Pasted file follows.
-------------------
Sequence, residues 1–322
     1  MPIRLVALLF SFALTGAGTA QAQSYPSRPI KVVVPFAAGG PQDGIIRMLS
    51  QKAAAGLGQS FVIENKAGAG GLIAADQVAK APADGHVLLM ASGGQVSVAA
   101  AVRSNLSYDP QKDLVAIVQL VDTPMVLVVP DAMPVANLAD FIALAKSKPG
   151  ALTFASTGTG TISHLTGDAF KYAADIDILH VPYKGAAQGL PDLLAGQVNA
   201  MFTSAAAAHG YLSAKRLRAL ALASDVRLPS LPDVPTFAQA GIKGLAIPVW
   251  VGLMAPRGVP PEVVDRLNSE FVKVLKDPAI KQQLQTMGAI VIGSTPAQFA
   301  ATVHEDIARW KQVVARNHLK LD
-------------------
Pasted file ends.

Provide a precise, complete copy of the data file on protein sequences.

Sequence, residues 1–322
     1  MPIRLVALLF SFALTGAGTA QAQSYPSRPI KVVVPFAAGG PQDGIIRMLS
    51  QKAAAGLGQS FVIENKAGAG GLIAADQVAK APADGHVLLM ASGGQVSVAA
   101  AVRSNLSYDP QKDLVAIVQL VDTPMVLVVP DAMPVANLAD FIALAKSKPG
   151  ALTFASTGTG TISHLTGDAF KYAADIDILH VPYKGAAQGL PDLLAGQVNA
   201  MFTSAAAAHG YLSAKRLRAL ALASDVRLPS LPDVPTFAQA GIKGLAIPVW
   251  VGLMAPRGVP PEVVDRLNSE FVKVLKDPAI KQQLQTMGAI VIGSTPAQFA
   301  ATVHEDIARW KQVVARNHLK LD